Photography is easy; buy the best gear and it will do it all for you…
By now, I should have stopped being surprised at photographers who buy gear and expect it to be the secret sauce that takes their pictures to the next level. The reality is that modern camera gear is, “the best you’ve ever had,” but boy is there a lot to learn.
Cameras Packed Full Of Capabilities
Here’s the problem; gear is complex, and nobody has time to read or process the instruction books. I keep PDF files of the Speedlite 600EX II-RT and EOS 5D Mark IV open on my Mac all the time. That’s 750 pages of quick reference material. The biggest challenge for all photographers is mentally converting the manual’s ‘how to change a setting,’ into the, ‘why you need it,’ and, ‘how to remember it exists.’
For me to be able to train photographers, I need to use the equipment. I find it is the only way I can convert the instruction book into transferrable knowledge for other people. Sharing knowledge and training satisfies my inner engineer. Being able to provide solutions to questions, and help people enjoy their photography.
Last summer, I held an in-depth EOS 5D Mark IV autofocus and Wi-Fi workshop with a Helsinki-based photo dealer. I spent the whole day with my camera menu set to Finish language. The attendees were convinced I could read Finnish, until I hit cancel, instead of OK, while setting up FTP image transfers. I may be a little extreme, competitive about this even. However, if you can’t change your camera from one-shot focus to AI servo without looking it up, then buying a new lens to improve your focus hit rate is just a bit foolish.
Flash Is All About The Light, Not Science And Magic
Light is the key to photography. If you only study one thing, make it light. Even better is that light behaves predictably. To me a Speedlite flash is the “extra paintbrush” in my bag, and with it I can bring something different to my pictures. I’m a firm believer in the David Bailey thinking on available light. Available light is any source of light that’s available to you.
Historically, Canon’s Speedlite flash system has taxed many photographers, but in the last ten years I’ve found it to be something that has rewarded me with pictures I couldn’t have made any other way.
One subtle change in my own work came along with the launch of Canon’s radio Speedlite flash system. I found that I was using flash more often in daylight than in low light. If the subject is in low light, then usually there’s little contrast range, so you can get away with raising the ISO a bunch. But in bright light I often try to control the contrast range, filling in shadows. Radio links made all this possible, reliable, and easy.
I run a number of Speedlite workshops each year, it is the topic that so many photographers struggle with, or are simply afraid of. Which I find a little strange as light is straightforward and the essential component of all photography.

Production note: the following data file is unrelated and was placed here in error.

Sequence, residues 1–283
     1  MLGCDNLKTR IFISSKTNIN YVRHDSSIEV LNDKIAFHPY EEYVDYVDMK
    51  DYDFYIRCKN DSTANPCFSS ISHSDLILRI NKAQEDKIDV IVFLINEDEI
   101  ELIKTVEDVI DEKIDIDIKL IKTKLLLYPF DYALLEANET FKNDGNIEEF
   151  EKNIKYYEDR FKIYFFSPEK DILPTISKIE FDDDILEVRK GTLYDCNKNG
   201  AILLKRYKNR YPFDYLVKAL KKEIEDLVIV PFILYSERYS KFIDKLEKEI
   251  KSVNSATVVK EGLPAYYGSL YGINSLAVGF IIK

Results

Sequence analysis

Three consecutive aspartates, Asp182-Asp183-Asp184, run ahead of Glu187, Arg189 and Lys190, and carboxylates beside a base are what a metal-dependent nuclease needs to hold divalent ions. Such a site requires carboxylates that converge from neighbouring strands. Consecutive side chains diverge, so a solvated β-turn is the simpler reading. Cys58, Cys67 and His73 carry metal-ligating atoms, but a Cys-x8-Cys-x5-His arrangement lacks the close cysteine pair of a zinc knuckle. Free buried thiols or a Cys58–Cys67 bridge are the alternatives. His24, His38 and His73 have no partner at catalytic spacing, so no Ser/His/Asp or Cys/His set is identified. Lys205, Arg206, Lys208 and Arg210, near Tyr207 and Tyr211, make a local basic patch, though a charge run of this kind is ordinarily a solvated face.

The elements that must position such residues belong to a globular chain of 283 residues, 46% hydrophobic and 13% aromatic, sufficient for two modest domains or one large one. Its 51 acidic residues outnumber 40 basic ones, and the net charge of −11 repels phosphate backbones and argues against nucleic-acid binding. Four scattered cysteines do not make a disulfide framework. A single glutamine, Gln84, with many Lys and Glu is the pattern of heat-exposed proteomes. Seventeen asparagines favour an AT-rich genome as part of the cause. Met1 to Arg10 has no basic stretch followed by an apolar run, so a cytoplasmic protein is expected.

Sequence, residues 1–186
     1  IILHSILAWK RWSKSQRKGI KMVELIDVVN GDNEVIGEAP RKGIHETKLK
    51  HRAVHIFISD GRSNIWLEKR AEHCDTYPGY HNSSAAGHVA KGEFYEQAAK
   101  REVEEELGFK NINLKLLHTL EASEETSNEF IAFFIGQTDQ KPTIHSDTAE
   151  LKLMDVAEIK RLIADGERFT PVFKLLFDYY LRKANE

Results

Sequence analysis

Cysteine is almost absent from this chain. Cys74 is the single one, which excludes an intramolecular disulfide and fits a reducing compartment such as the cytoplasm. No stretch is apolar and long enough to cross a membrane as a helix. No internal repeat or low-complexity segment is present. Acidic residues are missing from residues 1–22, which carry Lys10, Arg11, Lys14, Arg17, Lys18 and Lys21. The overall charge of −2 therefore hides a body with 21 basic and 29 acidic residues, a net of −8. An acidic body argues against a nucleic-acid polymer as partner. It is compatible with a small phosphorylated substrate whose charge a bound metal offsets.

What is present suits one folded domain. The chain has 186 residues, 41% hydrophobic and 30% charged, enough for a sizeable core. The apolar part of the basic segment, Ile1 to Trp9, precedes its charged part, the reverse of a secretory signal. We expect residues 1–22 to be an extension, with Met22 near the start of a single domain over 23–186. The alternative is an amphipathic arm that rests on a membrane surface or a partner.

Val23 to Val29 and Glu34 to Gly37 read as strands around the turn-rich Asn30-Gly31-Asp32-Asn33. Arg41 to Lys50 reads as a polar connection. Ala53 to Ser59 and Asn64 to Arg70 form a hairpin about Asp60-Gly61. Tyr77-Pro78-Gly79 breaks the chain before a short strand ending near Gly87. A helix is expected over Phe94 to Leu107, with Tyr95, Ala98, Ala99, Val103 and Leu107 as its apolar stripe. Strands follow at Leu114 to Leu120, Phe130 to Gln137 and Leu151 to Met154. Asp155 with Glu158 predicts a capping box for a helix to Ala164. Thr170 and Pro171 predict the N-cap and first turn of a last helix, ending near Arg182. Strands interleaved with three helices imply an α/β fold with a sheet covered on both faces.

The photo of the car was an interesting challenge. I only had three Speedlites available, and even if I had 18, the Canon system only works with up to 16 devices, one of which is the transmitter. I put three flashes on one light stand using super clamps, and took the first shot. Moved the light stand and took another shot, then four more moves and shots. I used the remote camera shutter release on the flash to trigger the camera for each shot. I put the individual frames in Photoshop and made the resulting picture you see here. Next step will be to shoot it all in-camera using multiple exposures.
I saw some photos of motocross riders online that were clearly lit with extra lights. I found the photographer and spent a day learning how he was using Speedlites to shoot motocross. Suitably inspired, I headed out to another track and set up four Speedlite 600EX-RT flashes on a single light stand. I aimed it across the track, so that it would illuminate the shadow side of the rider. Another hit of the rare English sunlight provided a backlight. Soon I realised that I could use TTL flash, making it simpler for me to move around the track for different vantage points.
After studying the ways of Joe McNally and Gregory Heisler, I have found that I set up my main light quickly, giving me most of my intended result. The bit of the pictures that takes the time is all the small details. The light behind the guy in this shot was snooted, gelled, and then needed a couple of position changes to hit the right spot. It is fortunate that you can fire a modeling flash from Canon Speedlite flashes, using buttons on the flash itself.
I want to thank Scott for asking me to write a guest blog for him. I also hope that my words and pictures have encouraged you to take one more look at your instruction book or seek some training before you spend money on gear trying to create photos when you already have the perfect equipment you need. Remember that your question is the start of the solution, so please ask away.
Brian Worley took a position at Canon Europe in 1995, and was converted to digital photography overnight. He was part of a team launching PowerShot and Digital EOS camerasin Europe until 2010. Since leaving Canon he’s focussed his attention on being a freelance photo tutor, writer and photographer. He has encyclopaedic knowledge of Canon’s EOS system and loves to share his knowledge with all photographers; beginner to professional. You can find more of his work and connect with him on Instagram, Facebook, Twitter, and on his blog P4Ppictures.com.